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Ulster's unbeaten start ended abruptly as five-star Connacht teach them lesson in Aviva drubbing

Connacht 36-11 Ulster


Ulster's Matty Rea is tackled by Matthew Burke, Eoghan Masterson and Dave Heffernan of Connacht (Pic: INPHO/Billy Stickland)

Ulster's Matty Rea is tackled by Matthew Burke, Eoghan Masterson and Dave Heffernan of Connacht (Pic: INPHO/Billy Stickland)

©INPHO/Billy Stickland

Ulster's Matty Rea is tackled by Matthew Burke, Eoghan Masterson and Dave Heffernan of Connacht (Pic: INPHO/Billy Stickland)

Ulster's perfect start to the United Rugby Championship was shattered by Connacht in the Aviva Stadium with the northern province suffering their heaviest league defeat since September of 2020.

A profligate first-half was followed by a desperate second 40 when they were played off the expansive park by their western rivals, who got the upper hand in this fixture for the third time in the last four stagings.

Coming into the weekend, only Munster and Leinster had scored more points than table-topping Ulster, but the side did not cross the whitewash in Dublin until well after the hour mark. By that stage the game was long gone with Connacht having already secured a bonus-point.

Indeed on the night when they welcomed back their international trio of Iain Henderson, Robert Baloucoune and Stuart McCloskey back into the side there was little else to cheer for Dan McFarland's men, who will have plenty of time to stew over this one with four idle weekends between now and another trip to Dublin, this time to face Leinster.

In the opening exchanges both sides bared their teeth at the opposing half-backs. While Connacht were quick to zero in on Nathan Doak at early breakdowns, Jack Carty felt the full force of Dave McCann when gathering Billy Burns' garryowen.

It was the subsequent turnover that saw Ulster pressed up against the opposing line seeking an early score that looked to have eluded them but a penalty called on Iain Henderson was reversed when Connacht thundered into the afters.

Given his displays of kicking prowess since his ascension to the nine jersey, it was no surprise to see Doak knock it over the bar with minimal fuss. Ulster's early lead would feel a lifetime ago by the time of the final whistle.

An Alan O'Connor line-out steal prevented a quick response from the notional hosts, but the men in green would be over the line with just a tick under 12 minutes on the clock.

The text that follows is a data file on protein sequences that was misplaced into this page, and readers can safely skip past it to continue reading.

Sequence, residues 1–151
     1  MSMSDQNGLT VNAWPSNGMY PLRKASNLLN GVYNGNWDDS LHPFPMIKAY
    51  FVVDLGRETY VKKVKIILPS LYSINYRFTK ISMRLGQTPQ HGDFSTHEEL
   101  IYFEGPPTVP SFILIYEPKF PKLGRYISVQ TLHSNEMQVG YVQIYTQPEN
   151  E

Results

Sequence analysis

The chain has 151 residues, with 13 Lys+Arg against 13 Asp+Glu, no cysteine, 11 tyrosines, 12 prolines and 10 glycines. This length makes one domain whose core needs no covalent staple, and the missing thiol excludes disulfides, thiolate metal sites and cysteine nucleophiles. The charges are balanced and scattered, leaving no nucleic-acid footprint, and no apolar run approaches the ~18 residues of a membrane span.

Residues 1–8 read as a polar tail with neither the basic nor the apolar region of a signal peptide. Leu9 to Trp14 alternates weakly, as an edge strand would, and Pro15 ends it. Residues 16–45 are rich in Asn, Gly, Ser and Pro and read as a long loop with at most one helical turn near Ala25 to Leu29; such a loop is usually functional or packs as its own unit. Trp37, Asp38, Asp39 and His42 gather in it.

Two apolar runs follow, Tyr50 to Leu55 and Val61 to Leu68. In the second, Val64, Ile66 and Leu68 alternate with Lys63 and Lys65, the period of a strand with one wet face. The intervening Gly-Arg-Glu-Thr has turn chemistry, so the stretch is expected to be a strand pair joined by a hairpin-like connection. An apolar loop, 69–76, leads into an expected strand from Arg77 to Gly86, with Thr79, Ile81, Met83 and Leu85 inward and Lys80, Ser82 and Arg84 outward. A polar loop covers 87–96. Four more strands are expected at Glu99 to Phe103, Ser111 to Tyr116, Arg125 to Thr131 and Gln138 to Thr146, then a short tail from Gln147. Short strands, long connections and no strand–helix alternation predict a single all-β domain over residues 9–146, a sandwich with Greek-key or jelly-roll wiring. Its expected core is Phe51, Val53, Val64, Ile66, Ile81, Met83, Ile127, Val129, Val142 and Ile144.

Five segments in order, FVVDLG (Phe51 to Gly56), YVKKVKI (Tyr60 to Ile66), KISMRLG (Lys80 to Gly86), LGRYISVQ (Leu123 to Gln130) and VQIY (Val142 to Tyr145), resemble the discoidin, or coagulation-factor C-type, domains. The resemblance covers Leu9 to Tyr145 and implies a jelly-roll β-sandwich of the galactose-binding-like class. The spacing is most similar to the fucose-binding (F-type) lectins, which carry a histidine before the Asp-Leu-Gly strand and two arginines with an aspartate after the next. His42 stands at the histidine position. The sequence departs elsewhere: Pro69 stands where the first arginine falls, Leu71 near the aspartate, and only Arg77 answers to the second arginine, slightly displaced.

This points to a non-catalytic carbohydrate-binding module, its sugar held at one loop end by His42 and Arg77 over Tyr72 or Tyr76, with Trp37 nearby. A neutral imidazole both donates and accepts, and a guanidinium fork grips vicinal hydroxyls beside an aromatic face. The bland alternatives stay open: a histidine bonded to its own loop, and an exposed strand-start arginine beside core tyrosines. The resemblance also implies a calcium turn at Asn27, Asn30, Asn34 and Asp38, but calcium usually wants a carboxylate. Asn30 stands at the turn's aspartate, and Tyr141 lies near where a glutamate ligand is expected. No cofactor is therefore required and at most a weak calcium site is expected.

Andy Friend's outfit were playing with an impressive tempo and pierced the Ulster defence when Paul Boyle offloaded smartly out of the tackle for lock Niall Murray. While Ethan McIlroy made the initial tackle before the line, momentum told and the second row finished well for the first of his side's five tries.

Another Doak penalty kept Ulster in touch, and they almost took the lead when John Porch had a moment to forget, only for James Hume to knock on the ball as he went to gather the Connacht wing's fumble.

Craig Gilroy was lost to injury at the onset of the second quarter, prompting a reshuffle in the back-three with Mike Lowry coming on at full-back and McIlroy moving to the wing but Burns gift-wrapped a second score for Connacht only moments later when his pass out wide was plucked from the air by Mack Hansen to sprint home.

Ulster were rocking on their heels and Connacht stretched their lead further when Jack Carty punished an offside from the tee.

With the maul getting no traction and visits to the '22' far too frequently yielding no return, the northern province were doing little to take the initiative handed them via 10 penalties awarded against Connacht in the first-half and, indeed, it was Ulster ill-discipline that saw them reduced to 14 men first when Alan O'Connor was binned for foul-play.

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The lock's yellow card, for coming in with no arms on Dave Heffernan, would at least yield no double censure thanks to a Stuart McCloksey breakdown poach ten metres from his own line. O'Connor would soon have company on the sideline, his opposing second-row Ultan Dillane shown yellow as Connacht's penalty count continued to tick up and up.

Trailing by two scores for the first time all season, there was plenty for Ulster to mull over at the interval.

Needing a quick response, instead it was Connacht who came out the stronger after the turn, Ulster needing some stout defensive work on their own line to keep the deficit at 11.

With the unstructured game suiting the westerners better, Ulster appeared able to do little to take control of things despite their advantages in both territory and possession.

And as the game wore on, they'd enjoy neither. If the first-half was a game when, Ulster should at least have been closer on the scoreboard, in the second Connacht were markedly superior in every way.

While there were brief moments of resistance - a Henderson rip, a half-break from Hume - each time they felt near any sort of shift in momentum a Connacht forward would produce whatever was required, with Ultan Dillane, Paul Boyle and Conor Oliver all prominent.

When, on the hour mark, a precise strike move off the scrum gave John Porch daylight in the corner, the winger finished well to kill any remote hopes of an ill-deserved comeback.

A second intercept of the game off a Burns' pass, this time it was replacement Diarmuid Kilgallen who was the beneficiary, really brought the near 10,000 crowd to full voice and, when Ulster did finally cross through Bradley Roberts, it was largely immaterial.

All the more so when, with the clock in the red, Mack Hansen had the final say with his side's fifth and final score.

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